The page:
The old saying of “a picture is worth a thousand words” is still very relevant to this day, which is pretty impressive considering the quote first appeared in print in the early 1900s. However, just like everything it has evolved; now a great shot can be worth a thousand likes.
It’s strange to think that Instagram, which only launched five years ago, can hold such gravitas in our society, as of 2015 there are 300 million Instagrammers. Armed with its #hashtags, it really has become a force to be reckoned with when it comes to marketing oneself or ones business especially considering the coveted demographic of 16-24 year olds make up over 40% of Instagram’s users.
Let’s take for example the Marc Jacobs 2014 Daisy campaign. During New York Fashion Week the public were invited into a pop-up store and in exchange for quirky innovative posts using the hashtag #MJDaisyChain, they would then leave with their very own bottle of Daisy.
Obviously it would have been a more nuanced exchange than suggested by my preceding description (and I’m sure there were some ‘Terms & Conditions’ in place to ensure customers couldn’t steal away with a booty of Daisy bottles), but the point I wish to make is that a key reason this campaign gained so much exposure is that required no monetary exchange; instead Marc Jacobs capitalized purely on “social currency”.
It’s an intriguing concept and one that Marc Jacobs (or at least his Digital Team) have continued to use since, with slight adjustments of course. Repetition is not ideal. One of their latest social media campaigns centres on the hashtag #CastMeMarc for Marc by Marc Jacobs, which is probably one of the best ways, in my opinion, for the company to engage with its followers. Rather than pushing the upcoming Fall line with the familiar faces of celebrities and supermodels, the fashion house has invited the consumer to become a part of the Marc Jacobs family.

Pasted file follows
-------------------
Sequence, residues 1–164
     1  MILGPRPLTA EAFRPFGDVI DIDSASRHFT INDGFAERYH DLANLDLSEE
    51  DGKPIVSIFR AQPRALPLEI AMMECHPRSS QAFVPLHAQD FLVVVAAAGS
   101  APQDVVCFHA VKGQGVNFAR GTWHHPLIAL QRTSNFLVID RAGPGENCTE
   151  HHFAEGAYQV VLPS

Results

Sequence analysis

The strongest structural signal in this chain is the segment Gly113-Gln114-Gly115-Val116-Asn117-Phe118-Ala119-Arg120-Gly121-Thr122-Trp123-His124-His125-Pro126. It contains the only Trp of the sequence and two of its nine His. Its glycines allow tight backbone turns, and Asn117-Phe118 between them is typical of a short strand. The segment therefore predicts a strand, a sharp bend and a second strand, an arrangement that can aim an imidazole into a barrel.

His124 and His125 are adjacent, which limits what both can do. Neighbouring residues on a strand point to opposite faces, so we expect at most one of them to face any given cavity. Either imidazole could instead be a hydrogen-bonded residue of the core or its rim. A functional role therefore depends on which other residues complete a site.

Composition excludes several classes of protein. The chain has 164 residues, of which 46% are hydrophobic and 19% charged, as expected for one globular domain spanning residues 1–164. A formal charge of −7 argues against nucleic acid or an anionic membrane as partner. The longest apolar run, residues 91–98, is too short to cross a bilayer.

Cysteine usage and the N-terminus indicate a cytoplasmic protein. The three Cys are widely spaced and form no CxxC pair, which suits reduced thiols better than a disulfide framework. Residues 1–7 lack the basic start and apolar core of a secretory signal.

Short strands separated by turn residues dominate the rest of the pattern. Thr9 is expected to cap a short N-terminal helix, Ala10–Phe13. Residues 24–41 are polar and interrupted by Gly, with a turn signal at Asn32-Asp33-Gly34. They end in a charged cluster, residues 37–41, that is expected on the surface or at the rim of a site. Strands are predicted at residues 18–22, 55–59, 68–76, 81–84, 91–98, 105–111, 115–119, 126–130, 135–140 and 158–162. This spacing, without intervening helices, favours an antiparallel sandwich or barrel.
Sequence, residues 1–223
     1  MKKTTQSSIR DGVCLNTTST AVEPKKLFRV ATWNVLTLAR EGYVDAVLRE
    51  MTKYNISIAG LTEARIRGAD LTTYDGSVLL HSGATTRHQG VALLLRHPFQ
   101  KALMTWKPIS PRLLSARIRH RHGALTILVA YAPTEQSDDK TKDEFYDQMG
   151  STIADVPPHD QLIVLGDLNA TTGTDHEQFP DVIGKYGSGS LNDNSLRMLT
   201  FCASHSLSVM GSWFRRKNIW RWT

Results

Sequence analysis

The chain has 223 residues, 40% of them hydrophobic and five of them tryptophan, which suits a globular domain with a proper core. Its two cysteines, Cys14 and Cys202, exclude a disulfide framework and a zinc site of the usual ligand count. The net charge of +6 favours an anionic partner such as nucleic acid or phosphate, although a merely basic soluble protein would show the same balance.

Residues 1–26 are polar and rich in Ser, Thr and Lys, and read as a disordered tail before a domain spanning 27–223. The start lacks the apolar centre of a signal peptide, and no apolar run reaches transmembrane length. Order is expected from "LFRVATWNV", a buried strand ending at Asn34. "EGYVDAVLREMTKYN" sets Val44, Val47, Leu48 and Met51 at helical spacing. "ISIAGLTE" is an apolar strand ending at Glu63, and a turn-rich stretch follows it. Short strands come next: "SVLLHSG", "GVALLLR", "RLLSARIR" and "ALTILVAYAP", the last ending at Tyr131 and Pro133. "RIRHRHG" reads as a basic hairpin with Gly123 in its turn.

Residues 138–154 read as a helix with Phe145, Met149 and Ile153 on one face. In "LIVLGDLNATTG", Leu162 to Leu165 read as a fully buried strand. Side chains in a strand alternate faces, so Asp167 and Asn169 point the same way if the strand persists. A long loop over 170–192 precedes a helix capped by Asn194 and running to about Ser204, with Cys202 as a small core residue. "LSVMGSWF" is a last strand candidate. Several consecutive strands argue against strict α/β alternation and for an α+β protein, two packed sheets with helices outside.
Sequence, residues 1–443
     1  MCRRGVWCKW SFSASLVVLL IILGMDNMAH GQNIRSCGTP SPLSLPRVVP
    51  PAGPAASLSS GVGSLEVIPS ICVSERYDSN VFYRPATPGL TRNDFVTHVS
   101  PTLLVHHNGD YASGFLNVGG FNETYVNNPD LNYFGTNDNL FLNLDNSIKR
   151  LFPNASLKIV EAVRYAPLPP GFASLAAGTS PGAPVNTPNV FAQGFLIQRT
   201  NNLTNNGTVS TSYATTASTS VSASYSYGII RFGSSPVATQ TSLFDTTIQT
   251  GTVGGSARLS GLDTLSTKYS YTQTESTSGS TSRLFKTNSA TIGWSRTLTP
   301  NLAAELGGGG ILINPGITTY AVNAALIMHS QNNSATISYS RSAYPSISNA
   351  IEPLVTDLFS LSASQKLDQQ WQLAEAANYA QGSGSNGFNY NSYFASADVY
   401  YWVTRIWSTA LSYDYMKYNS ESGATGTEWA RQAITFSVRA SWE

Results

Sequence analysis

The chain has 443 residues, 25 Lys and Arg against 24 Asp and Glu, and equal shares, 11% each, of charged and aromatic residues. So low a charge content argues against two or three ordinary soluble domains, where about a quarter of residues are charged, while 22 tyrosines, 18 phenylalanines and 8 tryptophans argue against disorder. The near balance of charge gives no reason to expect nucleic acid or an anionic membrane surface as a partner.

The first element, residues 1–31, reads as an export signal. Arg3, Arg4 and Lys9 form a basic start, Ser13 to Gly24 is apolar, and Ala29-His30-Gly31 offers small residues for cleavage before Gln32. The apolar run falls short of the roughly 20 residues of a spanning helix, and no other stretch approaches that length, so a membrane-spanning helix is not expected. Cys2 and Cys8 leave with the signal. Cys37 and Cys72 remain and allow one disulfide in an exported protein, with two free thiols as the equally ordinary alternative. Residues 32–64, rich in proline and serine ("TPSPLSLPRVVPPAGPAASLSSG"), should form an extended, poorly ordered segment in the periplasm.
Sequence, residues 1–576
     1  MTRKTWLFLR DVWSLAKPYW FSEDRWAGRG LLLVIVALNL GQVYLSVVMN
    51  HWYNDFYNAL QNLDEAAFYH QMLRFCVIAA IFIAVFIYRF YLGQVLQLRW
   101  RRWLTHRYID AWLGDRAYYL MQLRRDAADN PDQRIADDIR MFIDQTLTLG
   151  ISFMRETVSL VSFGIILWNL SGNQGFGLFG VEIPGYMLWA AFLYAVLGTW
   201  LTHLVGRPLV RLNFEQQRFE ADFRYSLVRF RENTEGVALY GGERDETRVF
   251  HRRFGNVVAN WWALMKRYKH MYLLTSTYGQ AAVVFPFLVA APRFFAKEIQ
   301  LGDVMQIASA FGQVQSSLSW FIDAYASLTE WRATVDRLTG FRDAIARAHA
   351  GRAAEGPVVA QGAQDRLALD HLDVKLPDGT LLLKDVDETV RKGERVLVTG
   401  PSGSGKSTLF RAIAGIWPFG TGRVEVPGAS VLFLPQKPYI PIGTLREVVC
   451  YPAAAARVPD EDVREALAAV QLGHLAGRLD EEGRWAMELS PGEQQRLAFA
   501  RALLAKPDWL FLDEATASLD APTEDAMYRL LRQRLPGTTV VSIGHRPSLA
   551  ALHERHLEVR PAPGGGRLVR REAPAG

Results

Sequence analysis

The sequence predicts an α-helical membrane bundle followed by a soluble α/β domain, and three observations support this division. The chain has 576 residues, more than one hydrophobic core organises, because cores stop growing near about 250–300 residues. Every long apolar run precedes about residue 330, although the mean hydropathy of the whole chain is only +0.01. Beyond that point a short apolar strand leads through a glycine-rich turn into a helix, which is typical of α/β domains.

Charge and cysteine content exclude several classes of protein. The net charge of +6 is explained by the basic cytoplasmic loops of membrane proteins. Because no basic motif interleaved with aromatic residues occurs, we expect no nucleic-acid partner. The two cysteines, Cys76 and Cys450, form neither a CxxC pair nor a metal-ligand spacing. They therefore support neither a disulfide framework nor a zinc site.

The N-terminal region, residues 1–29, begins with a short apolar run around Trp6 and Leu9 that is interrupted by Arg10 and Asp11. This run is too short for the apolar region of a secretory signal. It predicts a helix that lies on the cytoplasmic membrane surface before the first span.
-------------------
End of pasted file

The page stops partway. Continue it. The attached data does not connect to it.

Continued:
To note the success of both campaigns is simple. Log in to your Instagram account and search #CastMeMarc; the hashtag has been used in over 147,000 individual posts and the initial campaign attracted 70,000 entries. Though #MJDaisyChain had less usage (though 9,639 posts is nothing to be ashamed of), it set a precedent for the fashion house by exhibiting their innovation and ability to evolve in the digital age, seamlessly integrating the brand onto multi social media platforms and driving a deep customer connection.
These campaigns reinforce the use of branded hashtags and their popularity as a method for businesses to engage with online communities and build excitement around campaigns. By centralising the campaigns around a branded hashtag, Marc Jacobs created a win-win situation for both the follower and brand, generating free exposure to their online communities through their followers’ Instagram activity, as well as creative user generated content to repurpose via their own online marketing channels. Their followers also enjoyed a sense of personal connection with the brand they care about, while being part of an active and engaged online community, driving rewards in both a literal and psychological sense.
In the communications industry, it’s amazingly inspirational to be able to track the innovative progress of global brands, and incorporate their strategies into our own client work. Stay tuned for a suitably engaging activation from #teamTOH in the months ahead!